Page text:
Most people won’t experience the thing they are insured against and the insurance company won’t have to pay off. (this is the 2nd difference between life and health insurance.)

And when the life insurance company does have to pay out, their liability is capped at the face value of the policy. (this is the third big difference between life and health insurance)

It is very possible — with an honest life insurance company — that everybody can win.

Because life insurance was invented to cover the “Just In Cast” scenario.

Same with auto insurance. It covers you just in case you hit someone else. Just in case your car gets totaled. Just in cast your car gets stolen.

Do some people receive less than the replacement value when their car is totaled.? Yes.

The system isn’t bulletproof.

Customer satisfaction isn’t 100%.

But the underlying premise of these insurance products is sound and works for most people most of the time.

The auto insurance industry also serves a highly important function within the economy — without it, it would be very hard to get a car loan.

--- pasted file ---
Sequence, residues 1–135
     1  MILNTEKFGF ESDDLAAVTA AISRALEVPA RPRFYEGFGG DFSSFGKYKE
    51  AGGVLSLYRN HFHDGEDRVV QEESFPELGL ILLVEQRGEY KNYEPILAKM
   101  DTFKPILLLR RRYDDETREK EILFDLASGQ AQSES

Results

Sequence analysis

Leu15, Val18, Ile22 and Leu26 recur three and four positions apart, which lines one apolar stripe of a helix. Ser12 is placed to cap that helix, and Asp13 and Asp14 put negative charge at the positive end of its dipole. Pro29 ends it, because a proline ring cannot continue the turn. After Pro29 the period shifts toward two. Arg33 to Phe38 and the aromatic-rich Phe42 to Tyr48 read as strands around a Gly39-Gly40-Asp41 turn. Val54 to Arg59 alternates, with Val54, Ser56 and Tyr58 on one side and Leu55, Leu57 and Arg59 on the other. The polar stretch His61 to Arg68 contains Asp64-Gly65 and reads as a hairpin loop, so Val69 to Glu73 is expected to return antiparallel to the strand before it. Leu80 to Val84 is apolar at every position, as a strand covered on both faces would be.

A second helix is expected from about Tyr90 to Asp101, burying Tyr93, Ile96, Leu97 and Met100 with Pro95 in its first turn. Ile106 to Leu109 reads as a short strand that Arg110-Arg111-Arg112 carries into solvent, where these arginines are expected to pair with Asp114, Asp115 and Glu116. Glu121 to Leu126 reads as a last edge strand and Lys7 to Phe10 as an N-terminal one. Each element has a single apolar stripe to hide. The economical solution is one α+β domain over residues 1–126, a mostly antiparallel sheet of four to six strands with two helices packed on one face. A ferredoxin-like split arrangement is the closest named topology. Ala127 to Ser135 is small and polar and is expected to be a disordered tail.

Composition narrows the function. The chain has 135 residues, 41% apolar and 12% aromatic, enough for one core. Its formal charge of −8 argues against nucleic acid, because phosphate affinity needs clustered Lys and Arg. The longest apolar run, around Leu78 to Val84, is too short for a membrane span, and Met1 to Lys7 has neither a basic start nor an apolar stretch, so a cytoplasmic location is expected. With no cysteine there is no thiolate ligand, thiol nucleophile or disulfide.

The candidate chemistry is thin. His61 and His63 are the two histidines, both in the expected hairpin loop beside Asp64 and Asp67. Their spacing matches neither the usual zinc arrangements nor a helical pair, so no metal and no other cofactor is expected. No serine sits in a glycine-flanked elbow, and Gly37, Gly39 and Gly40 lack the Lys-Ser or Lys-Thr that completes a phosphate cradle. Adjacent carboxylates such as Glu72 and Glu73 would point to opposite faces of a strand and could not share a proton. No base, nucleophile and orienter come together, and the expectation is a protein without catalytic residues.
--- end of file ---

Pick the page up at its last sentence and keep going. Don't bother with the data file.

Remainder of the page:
If auto insurance didn’t exist car manufacturers would have to invent it or no lender would take the risk to finance the purchase.

Private, For-Profit Heath Insurance — The Wrong Product At The Wrong Time

Life and auto insurance cover you for all the bad things that can happen “Just In Cast”.

With health insurance — instead of “Just In Case” scenarios — insurers are promising to cover people for something that is “Only A Matter Of Time”.

But if you are a young person it may seem like that time is well off in the future.

Young people are frustrated because that are FORCED to buy something they don’t want.

Like life and auto insurance, health insurers need big pools of people to be profitable too.

And they need that pool to include only a limited number of folks who will need a payout. (which happens naturally with life insurance)

The young father with a new baby needs life insurance. The motive for buying life insurance is not that the man thinks he is going to die.

The new car buyer with a new car loan needs an auto insurance policy. The motive to buy insurance is not that he or she just got into an accident.

Many young healthy people don’t feel they need health insurance. They would rather not jump in the pool. And when you let the free market reign, many don’t. No motivation.

A feature of free-market health insurance is that you have risk pools with a higher number of payouts than other types of insurance.